I could give my opinion on climate change, based on my physics basics, and some ideas may indeed have some quality to them. I would however strongly advise not to take action based on my ideas but rather talk to the experts out there with a proven track record of quality ideas or at least the proven capability to judge ideas on their merit.
      Similarly, I am happy to provide my financial insight to anyone, but it would be rather risky to follow them without input/feedback from a financial advisor, however reasonable my ideas might sound.

      So, yes, whether one takes action on ideas depends on who communicates the ideas. Chances of ideas having merit are much higher when they originate from or are vetted by someone with a track record.

      "Fair sounding ideas" by people without a proven track record just don't cut it most of the time when compared to the reality of multidimensional, feed-back driven systems.

    2. Thanks for another helpful insightful comment. I agree.
      I like the analogy with financial advice.

      Other dimensions that are relevant in evaluating complexities such as climate science and financial advice include conflicts of interest and levels of consensus.

    3. The problem is, nowadays the 'experts' become too fancy when they express their views intended for the lay-people. They may be pressured or willing, but the damage is clear. This is particularly so in issues such as climate change (I remain to see a proper answer to the counter-evidences that every lay-people could understand) and the science of the universe (see e.g. the recent farce on Scientific American). Those experts are just so 'politicised' that dissidents are not tolerated anymore. This is a nightmare for true scholars, which are sparse today.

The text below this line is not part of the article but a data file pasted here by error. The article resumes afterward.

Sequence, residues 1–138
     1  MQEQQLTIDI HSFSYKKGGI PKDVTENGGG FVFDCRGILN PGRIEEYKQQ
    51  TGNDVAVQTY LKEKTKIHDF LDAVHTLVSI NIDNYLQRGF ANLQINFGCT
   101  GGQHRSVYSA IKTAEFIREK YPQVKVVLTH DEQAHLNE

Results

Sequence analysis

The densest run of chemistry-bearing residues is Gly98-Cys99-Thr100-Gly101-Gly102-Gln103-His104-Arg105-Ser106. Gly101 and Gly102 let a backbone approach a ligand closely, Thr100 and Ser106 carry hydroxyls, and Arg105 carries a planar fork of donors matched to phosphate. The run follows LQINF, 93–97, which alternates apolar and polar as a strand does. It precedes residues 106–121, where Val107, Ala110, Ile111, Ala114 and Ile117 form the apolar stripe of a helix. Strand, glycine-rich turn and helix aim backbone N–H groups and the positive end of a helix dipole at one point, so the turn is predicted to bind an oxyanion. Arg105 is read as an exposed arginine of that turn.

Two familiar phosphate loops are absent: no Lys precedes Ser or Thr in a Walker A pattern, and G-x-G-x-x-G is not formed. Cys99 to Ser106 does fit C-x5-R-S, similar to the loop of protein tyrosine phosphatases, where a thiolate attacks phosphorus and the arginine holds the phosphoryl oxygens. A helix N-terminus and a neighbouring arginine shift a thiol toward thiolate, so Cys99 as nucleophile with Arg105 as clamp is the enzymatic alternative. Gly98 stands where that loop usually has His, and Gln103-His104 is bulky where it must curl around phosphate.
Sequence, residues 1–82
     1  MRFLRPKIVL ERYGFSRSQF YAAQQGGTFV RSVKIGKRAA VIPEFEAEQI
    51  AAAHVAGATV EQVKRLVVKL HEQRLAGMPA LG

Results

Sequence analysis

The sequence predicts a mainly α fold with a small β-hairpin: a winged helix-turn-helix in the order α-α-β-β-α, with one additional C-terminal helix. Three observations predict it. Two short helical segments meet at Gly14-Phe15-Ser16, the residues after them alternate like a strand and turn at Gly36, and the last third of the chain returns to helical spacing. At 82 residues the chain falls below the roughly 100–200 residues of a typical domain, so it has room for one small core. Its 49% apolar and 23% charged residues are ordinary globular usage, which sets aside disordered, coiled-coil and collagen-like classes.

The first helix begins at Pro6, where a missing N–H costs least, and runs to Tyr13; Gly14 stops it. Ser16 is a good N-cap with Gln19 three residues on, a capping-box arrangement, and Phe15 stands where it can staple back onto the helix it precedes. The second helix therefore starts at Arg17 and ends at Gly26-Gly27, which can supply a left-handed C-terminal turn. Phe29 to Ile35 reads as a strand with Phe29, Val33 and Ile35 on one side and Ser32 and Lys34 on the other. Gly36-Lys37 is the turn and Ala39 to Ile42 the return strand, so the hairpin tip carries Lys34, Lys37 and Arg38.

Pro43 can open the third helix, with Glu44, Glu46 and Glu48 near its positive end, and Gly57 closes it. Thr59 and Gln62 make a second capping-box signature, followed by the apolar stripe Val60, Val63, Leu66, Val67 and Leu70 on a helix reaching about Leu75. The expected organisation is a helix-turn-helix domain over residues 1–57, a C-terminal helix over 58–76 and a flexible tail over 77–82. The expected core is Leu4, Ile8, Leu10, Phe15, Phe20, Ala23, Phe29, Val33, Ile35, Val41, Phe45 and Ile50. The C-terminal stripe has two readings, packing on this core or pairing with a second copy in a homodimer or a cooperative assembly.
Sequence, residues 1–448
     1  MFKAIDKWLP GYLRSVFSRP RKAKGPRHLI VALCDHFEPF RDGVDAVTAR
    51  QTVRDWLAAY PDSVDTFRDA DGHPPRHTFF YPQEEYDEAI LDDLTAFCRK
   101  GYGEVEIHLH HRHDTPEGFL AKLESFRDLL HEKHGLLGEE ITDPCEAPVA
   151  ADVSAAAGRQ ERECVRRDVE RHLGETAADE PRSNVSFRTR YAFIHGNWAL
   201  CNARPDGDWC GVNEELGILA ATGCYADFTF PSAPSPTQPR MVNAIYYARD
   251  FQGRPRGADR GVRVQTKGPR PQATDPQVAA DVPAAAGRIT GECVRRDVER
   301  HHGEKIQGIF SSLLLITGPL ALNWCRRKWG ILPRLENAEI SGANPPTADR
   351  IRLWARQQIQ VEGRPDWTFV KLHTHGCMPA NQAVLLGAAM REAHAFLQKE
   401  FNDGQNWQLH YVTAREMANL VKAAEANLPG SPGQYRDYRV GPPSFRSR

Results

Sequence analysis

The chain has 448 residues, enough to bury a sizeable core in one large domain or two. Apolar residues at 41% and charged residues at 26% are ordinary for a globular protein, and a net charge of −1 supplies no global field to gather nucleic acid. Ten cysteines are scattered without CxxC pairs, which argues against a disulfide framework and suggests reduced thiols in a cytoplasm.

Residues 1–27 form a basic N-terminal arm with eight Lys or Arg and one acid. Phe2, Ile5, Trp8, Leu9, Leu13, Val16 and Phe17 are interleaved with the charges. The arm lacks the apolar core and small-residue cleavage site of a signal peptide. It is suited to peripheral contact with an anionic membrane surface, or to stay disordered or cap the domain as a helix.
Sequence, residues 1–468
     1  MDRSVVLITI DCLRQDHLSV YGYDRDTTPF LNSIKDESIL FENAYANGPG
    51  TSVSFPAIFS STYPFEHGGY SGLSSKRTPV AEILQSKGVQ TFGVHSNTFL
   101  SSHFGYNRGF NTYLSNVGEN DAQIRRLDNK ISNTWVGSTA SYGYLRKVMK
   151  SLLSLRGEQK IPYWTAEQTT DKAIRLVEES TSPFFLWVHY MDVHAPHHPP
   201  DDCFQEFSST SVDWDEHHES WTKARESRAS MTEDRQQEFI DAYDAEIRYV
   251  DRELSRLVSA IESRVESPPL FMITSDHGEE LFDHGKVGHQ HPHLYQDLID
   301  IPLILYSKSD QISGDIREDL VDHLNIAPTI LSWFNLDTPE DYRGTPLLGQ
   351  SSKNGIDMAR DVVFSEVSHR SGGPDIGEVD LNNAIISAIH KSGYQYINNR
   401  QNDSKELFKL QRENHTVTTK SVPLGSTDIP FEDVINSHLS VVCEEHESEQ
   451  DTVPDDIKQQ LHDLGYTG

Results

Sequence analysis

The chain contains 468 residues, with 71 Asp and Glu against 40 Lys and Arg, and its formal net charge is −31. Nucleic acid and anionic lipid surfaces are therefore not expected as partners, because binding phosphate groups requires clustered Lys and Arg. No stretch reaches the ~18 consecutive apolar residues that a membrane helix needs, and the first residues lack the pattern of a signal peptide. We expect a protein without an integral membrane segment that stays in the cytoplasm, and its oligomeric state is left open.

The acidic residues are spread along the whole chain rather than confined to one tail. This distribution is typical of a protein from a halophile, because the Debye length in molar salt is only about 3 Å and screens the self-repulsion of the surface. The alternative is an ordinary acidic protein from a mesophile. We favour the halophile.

I remain anonymous, not because I do not want to be identified publicly; rather I do not want to be engaged in the discussions too much. This world is now in a Godless state, and every one has his own view and has no will to adjust.

  5. My crap can be found here:

    I guess AGW-people, or "blanket people" as I like to call them, really dislike this:

  6. This is Svante Arrhenius paper which is related to carbon dioxide published in 1896. Page 270 is interesting. It is almost 121 yrs since Arrhenius published this paper. He has given a lot of tables.
    Makes interesting reading. Worth spending some time reading this paper.

  7. It is sad that people will try to destroy your reputation to get back at you. That's just the way it is. Until we as a species are older and wiser, that's the way it is going to be. If we stick to 'anonymous' then we get to pay attention to arguments and not personalities. And that is actually a good thing, I think.

  8. I suppose most anonymous commenters on this blog do value the blog owner, and are not malicious. Perhaps they may express nasty views, but they are not intended to damage the owner. Anyway, this blog is already a public forum, isn't it?

  9. Please write more theoretical chem/phy which your blog is very good at. Very few blogs are clear on this. Teaching has been undervalued for tenure world over with publish or perish culture resulting in BS as your previous postings reveal. Pl write more theoretical chem/phy Q &A.

  10. I think there’s nuances here.

    In scientific settings, I prefer to put my name. This is a form of integrity, I will stand by what I say and people are welcome to critique/argue/etc. The expectation is those critique/arguments/etc. are backed by facts or another reasonable argument. I'll then be happy to respond to them.

    In on-line commentary, where many people can (and will) twist and take things out of context, I prefer anonymity. At least this will save me time from the need (or rather urge) to respond to “random noise”. Selfish? Yes. But, the alternative is not that great...